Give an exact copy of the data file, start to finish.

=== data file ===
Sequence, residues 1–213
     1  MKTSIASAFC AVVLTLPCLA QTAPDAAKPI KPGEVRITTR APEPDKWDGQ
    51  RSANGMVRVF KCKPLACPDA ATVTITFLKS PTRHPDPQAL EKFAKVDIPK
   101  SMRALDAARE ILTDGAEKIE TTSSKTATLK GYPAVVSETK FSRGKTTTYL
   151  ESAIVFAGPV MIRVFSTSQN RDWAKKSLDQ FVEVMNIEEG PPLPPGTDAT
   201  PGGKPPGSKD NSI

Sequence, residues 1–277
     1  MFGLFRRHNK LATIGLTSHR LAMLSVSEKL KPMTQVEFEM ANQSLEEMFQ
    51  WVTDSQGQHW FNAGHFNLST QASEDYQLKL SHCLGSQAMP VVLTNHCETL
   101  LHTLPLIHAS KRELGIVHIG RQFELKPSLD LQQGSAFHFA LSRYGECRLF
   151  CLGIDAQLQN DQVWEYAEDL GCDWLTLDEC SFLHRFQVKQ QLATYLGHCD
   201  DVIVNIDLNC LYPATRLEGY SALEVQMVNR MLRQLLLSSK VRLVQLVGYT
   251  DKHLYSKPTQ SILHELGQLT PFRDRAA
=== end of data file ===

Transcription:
Sequence, residues 1–213
     1  MKTSIASAFC AVVLTLPCLA QTAPDAAKPI KPGEVRITTR APEPDKWDGQ
    51  RSANGMVRVF KCKPLACPDA ATVTITFLKS PTRHPDPQAL EKFAKVDIPK
   101  SMRALDAARE ILTDGAEKIE TTSSKTATLK GYPAVVSETK FSRGKTTTYL
   151  ESAIVFAGPV MIRVFSTSQN RDWAKKSLDQ FVEVMNIEEG PPLPPGTDAT
   201  PGGKPPGSKD NSI

Sequence, residues 1–277
     1  MFGLFRRHNK LATIGLTSHR LAMLSVSEKL KPMTQVEFEM ANQSLEEMFQ
    51  WVTDSQGQHW FNAGHFNLST QASEDYQLKL SHCLGSQAMP VVLTNHCETL
   101  LHTLPLIHAS KRELGIVHIG RQFELKPSLD LQQGSAFHFA LSRYGECRLF
   151  CLGIDAQLQN DQVWEYAEDL GCDWLTLDEC SFLHRFQVKQ QLATYLGHCD
   201  DVIVNIDLNC LYPATRLEGY SALEVQMVNR MLRQLLLSSK VRLVQLVGYT
   251  DKHLYSKPTQ SILHELGQLT PFRDRAA